Afghan Sis

Smitha Bhandare Kamat
Posted October 24, 2021 from India
Afghanistan 1
Afghanistan 1: Guns people play (1/4)

Cartooning and women in Afghanistan  It’s 15th of August 2021, we are celebrating the Independence Day in India.  As the day evolves  I sink in the warm comfort of my bean bag and switch on the idiot box.  Taliban has taken control of Kabul is the highlight of the day,  every possible channel as also all  forms of media chant the same. Visibly agitated by the developments  I sit there undecided. In the  days to follow the media  shares disturbing  visuals and commentaries depicting existential crisis, despair, death and more.  Being a member of global cartoonists family, many requests pour in for submission of  cartoon especially in the context of women in Afghanistan. For days together I watch, read, hear about the developments in a far off land of Afghanistan. I neither draw nor write. It’s like I have self muted.Too numbed to react or respond I just continue to devour the disturbing happenings. It’s almost a week unpredictably I find myself out of the blue, drawing about women in Afghanistan. In one go I draw a couple of  cartoons and I hastily share it and submit it to various fora.  As I draw, subconsciously, I  experience a faint sense of unease, the Charles Hebdo issue, the murder of French teacher Samuel Paty, and even as I pen this article, the gunning done of a lone wolf who went on a stabbing spree in New Zealand, sends chill down my spine. I’m uncertain as to who may take offence of my work.   But, I’m committed to my fraternity in particular and to humanity at large.  Cartoons play an important and responsible role. It’s not a random, fancy doodle to be brushed aside thoughtlessly. Cartooning, involves a preliminary study of the subject at hand to ensure the final work is unbiased, sans  personal prejudices and reflection of contemporary times  in a  true and just manner. Cartoons  facilitate  re -conceptualisation of events, identifying the absurdity and futility of happenings and if possible working out probable solutions. The power of cartoons certainly cannot be undermined. Cartoons drawn here in the Afghan context, are less about ridiculing and more about  creating awareness and drawing  attention to the complex socio-political developments and the resultant violence and violation particularly highlighting pathetic conditions of women and children. 

Undoubtedly, time and again we find ourselves in troubling and challenging times. Yet, the bottom line is-' it’s peace, freedom and a life of dignity' ,  that we all inherently aspire. A trait that cuts across all geopolitical and other forms of barriers. Cartoon is a mere reminder of  this truth. it’s a double edged sword that needs to be employed cautiously more for healing rather than wounding. I would conclude with the words of Ralph Waldo Emerson       "Peace cannot be achieved through violence; it can only be attained through understanding." (Excerpts from Indiatoons Oct/ Nov 2021)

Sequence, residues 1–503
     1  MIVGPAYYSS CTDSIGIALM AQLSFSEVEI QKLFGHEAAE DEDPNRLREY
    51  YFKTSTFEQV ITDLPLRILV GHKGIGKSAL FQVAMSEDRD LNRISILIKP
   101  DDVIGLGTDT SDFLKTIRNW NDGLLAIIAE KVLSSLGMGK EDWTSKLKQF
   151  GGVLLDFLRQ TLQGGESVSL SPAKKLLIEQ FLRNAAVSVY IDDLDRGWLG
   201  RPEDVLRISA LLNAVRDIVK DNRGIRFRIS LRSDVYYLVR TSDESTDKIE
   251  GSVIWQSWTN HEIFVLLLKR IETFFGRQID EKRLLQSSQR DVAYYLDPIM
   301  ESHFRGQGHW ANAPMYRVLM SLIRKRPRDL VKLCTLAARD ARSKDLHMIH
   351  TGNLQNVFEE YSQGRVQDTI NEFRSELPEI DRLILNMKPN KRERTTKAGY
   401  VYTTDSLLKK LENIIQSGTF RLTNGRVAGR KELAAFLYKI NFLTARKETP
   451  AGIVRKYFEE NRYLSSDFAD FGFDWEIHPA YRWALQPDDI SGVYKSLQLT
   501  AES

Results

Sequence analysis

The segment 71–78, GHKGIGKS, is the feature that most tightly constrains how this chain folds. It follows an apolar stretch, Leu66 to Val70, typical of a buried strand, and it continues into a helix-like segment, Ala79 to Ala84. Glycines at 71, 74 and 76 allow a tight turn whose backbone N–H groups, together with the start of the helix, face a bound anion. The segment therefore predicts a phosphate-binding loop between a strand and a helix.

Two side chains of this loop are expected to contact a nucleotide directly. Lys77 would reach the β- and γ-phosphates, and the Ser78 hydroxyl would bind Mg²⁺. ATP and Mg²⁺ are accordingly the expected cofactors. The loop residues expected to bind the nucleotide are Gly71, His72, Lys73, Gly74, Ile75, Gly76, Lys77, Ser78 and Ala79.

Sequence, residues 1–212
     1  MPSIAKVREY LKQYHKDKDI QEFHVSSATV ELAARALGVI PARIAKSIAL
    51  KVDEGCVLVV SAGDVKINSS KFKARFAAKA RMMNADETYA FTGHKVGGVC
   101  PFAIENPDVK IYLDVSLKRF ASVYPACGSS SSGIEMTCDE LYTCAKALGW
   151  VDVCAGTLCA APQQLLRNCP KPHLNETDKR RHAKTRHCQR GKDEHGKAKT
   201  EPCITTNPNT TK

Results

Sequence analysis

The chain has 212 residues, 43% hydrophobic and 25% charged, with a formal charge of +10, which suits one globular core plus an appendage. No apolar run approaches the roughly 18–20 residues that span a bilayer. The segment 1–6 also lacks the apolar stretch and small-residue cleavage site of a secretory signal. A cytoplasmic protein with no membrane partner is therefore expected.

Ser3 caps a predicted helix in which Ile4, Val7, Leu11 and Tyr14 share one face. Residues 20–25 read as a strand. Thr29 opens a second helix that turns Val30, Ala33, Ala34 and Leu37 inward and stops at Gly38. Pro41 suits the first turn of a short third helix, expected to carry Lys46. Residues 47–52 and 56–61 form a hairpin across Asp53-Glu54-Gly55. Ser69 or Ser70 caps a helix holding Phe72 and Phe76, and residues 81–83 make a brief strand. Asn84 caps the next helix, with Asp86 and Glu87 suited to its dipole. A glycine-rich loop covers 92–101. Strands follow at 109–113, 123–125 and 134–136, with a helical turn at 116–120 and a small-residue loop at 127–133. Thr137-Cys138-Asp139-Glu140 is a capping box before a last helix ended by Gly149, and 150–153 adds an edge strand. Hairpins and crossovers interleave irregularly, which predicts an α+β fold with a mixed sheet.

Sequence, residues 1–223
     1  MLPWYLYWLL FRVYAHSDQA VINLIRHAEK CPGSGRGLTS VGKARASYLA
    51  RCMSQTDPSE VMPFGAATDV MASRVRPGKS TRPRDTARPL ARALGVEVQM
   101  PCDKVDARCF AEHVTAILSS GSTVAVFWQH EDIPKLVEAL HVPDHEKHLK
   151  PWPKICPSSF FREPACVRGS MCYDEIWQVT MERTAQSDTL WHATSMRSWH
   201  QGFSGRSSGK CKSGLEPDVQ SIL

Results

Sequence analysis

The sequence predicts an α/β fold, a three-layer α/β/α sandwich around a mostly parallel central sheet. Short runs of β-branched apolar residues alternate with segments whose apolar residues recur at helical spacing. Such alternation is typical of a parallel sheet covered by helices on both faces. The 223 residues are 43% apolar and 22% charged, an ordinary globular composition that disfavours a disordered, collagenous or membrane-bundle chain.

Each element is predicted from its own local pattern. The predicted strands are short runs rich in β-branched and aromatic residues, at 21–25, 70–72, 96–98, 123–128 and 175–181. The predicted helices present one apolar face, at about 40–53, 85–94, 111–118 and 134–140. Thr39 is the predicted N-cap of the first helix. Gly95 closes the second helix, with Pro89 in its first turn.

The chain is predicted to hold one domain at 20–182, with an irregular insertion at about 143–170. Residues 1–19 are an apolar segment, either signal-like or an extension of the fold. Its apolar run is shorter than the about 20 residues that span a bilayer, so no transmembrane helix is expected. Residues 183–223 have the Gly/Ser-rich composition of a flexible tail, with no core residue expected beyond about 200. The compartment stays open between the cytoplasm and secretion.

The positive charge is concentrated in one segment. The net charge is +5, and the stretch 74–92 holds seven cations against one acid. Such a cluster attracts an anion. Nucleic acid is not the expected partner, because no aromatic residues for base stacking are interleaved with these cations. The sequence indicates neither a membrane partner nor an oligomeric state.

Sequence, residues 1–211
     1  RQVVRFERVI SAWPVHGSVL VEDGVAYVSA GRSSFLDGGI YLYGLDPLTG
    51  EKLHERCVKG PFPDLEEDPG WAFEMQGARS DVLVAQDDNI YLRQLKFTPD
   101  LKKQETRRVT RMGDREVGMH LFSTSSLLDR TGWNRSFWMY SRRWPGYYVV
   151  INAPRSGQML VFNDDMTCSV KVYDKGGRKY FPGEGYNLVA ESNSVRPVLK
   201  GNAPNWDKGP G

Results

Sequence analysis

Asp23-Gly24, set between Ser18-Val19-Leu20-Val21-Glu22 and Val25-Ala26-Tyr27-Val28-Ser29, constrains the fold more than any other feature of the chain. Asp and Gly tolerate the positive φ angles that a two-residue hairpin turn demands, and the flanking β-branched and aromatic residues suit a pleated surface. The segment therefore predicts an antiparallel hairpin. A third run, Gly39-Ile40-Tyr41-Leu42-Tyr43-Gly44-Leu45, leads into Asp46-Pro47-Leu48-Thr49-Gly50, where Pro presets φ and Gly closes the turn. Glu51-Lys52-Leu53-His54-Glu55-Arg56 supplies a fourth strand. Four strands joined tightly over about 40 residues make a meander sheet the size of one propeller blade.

This story was submitted in response to Healing through Art.

Comments 6

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Tamarack Verrall
Oct 24, 2021
Oct 24, 2021

Dear Smitha,
Political cartooning is a powerful medium, and these drawings of yours show just how true that is. It is no wonder that you were unable to draw right after the world was shocked with the wave of news that our sisters in Afghanistan are under lock, key and threat of death. Despite the shock you have found your way to action, as we all must, never letting go for a moment that this newly enforced imprisonment and punishments must be kept forward in every action we can make, in solidarity with our sisters there. You have healed the wound that held back your creative courage, an inspiration to us all.

Kamakshi Kamat
Nov 28, 2021
Nov 28, 2021

Thank you for your words of encouragement

megsmueller
Oct 25, 2021
Oct 25, 2021

Greetings Smitha. Your art is a helpful tool for so many voiceless women who are suffering under the hand of government and politics. It's a reminder of what was fought for. I also like the balance - playful, yet dignifying. Keep on sharing please.

Much love to you

Kamakshi Kamat
Nov 28, 2021
Nov 28, 2021

Thank you for your words of encouragement

Rahmana Karuna
Oct 28, 2021
Oct 28, 2021

Thank you Smitha for the courage to share your radical artwork with us. the symbolism is strong. bittersweet of finding one's creativity flow, yet for such sad conditions.

Kamakshi Kamat
Nov 28, 2021
Nov 28, 2021

Thank you for your words of encouragement